The Desmond fatality inquiry hopes to answer why an Afghanistan veteran with post-traumatic stress disorder was released from hospital after he arrived in distress two days before he would kill his family and himself.
While Judge Warren Zimmer heard last week from two of the doctors who saw Lionel Desmond at St. Martha’s Regional Hospital in Antigonish, N.S., Zimmer will get another point of view Monday from the psychiatrist who saw Desmond in the fall of 2016.
Dr. Ian Slayter’s assessment of Desmond noted that he found the veteran seemed aggressive toward his wife and showed “paranoia” because he was having nightmares about her cheating on him.
Desmond, 33, arrived at the emergency room on Jan. 1, 2017, after a fight with his wife, Shanna Desmond. He told doctors that Shanna had asked him to leave after he’d spent much of New Year’s Eve yelling and slamming furniture, which frightened their daughter, Aaliyah.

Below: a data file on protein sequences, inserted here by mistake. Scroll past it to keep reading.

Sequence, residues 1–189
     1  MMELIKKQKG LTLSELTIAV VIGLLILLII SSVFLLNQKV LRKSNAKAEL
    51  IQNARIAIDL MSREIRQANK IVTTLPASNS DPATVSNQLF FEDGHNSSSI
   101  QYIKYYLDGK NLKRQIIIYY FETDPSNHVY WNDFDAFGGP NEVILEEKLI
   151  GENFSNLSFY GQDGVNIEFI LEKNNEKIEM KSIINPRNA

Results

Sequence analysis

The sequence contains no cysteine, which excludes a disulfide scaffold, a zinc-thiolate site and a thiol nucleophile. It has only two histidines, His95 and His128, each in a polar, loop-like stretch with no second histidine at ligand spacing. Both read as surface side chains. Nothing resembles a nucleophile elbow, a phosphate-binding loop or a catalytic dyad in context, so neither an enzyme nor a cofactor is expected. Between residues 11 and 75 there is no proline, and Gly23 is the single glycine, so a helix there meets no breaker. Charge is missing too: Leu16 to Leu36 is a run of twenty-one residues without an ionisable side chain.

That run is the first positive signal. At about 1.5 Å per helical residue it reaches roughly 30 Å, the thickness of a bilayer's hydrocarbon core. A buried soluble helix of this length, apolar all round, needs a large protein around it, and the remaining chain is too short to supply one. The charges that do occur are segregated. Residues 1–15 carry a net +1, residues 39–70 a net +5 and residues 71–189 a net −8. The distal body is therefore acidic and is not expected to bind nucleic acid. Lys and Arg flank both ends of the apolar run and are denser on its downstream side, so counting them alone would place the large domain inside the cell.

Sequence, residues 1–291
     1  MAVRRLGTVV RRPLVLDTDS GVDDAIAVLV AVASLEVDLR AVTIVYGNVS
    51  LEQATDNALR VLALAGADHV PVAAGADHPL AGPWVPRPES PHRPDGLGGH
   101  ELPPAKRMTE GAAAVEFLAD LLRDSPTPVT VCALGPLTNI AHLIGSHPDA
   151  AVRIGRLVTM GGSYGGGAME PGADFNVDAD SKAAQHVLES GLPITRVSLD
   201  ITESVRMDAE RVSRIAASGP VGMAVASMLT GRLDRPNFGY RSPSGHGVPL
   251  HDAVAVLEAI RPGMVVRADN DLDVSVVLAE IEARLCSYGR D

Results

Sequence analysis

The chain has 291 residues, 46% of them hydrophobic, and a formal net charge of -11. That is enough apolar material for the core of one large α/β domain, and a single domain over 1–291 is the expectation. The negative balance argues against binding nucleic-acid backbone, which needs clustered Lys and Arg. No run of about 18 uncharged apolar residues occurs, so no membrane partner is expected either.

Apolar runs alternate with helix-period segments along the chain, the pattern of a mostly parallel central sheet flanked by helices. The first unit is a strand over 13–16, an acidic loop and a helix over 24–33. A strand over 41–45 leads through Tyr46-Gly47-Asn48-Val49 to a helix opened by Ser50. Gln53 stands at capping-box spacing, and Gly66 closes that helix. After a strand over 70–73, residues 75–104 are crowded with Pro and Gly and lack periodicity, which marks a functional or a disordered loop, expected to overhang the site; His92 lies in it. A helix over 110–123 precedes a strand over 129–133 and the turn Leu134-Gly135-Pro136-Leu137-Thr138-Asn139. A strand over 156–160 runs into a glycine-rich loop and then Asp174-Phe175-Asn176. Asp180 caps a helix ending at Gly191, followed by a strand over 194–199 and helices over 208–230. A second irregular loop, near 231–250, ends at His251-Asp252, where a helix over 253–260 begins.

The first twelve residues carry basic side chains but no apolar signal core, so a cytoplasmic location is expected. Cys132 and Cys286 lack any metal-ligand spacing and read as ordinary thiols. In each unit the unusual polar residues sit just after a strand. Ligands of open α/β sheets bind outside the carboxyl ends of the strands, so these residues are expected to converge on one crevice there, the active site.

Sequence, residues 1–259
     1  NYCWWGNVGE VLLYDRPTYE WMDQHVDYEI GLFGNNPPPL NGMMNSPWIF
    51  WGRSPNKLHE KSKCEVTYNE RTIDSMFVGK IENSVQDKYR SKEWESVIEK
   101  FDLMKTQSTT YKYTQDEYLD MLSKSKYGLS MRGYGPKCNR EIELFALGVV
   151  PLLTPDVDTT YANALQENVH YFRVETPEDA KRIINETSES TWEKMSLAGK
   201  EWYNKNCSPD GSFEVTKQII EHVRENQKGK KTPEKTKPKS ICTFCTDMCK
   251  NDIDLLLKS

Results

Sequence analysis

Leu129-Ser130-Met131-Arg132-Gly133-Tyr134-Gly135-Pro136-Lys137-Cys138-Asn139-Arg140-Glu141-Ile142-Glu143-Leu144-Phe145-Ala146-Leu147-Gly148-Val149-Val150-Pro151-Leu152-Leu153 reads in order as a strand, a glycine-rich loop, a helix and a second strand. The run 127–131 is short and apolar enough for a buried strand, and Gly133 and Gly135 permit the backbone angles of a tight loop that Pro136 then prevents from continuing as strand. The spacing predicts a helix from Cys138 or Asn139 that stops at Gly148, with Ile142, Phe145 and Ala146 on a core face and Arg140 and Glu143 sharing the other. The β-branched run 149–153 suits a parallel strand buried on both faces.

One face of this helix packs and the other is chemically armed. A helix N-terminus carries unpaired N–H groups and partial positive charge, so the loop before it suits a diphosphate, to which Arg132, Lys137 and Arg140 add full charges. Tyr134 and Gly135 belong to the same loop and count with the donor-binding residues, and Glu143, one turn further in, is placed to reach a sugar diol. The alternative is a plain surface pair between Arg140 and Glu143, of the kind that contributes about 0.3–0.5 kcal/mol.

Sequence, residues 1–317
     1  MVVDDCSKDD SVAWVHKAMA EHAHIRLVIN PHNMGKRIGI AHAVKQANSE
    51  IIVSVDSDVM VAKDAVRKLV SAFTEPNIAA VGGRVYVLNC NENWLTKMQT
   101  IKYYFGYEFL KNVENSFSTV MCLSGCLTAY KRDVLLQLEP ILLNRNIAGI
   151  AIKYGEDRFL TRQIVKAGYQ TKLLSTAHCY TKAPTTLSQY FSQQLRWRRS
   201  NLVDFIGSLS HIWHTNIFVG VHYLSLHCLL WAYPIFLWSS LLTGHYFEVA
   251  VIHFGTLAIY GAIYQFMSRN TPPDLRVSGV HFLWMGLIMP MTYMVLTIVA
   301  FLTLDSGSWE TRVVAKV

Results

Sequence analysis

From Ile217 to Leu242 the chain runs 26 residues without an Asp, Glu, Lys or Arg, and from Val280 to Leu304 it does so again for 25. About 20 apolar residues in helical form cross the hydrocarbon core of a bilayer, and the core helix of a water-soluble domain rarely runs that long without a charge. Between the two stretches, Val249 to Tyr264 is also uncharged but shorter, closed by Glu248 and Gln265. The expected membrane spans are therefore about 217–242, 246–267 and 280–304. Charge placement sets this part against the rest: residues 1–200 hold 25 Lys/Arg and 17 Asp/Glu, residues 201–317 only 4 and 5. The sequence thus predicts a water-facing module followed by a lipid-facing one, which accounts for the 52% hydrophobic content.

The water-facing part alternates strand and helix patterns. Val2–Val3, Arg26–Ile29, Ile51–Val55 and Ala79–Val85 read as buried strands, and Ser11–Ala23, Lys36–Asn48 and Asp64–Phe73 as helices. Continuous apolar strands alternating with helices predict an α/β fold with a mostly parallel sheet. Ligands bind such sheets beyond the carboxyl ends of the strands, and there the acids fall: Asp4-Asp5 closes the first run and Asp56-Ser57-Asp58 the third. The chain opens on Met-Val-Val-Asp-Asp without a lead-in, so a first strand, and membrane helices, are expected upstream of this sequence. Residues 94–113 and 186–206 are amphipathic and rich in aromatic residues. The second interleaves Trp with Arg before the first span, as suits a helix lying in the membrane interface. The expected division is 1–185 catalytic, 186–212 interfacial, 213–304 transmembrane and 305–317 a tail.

He told the emergency room doctor that he had PTSD and that he was struggling. Although he was kept overnight, the psychiatrist who released him told the inquiry that there were no signs he would harm himself or anyone else.
The psychiatrist who released him, Dr. Faisal Rahman, read Slayter’s assessment of Desmond and he asked the veteran to follow up with him.
But evidence already presented suggests that the nurses may have seen a different version of Desmond, one of who slept poorly and had a bad night in hospital. They wrote about that in his chart, but Dr. Faisal Rahman — the psychiatrist who saw him — didn’t read the chart before Desmond was released.
A day later, on Jan. 3, 2017, Desmond shot his wife, his 10-year-old daughter and his mother, Brenda, before he turned the gun on himself.
The inquiry will hear about the events leading up to those deaths, to see if public policy changes could save others.
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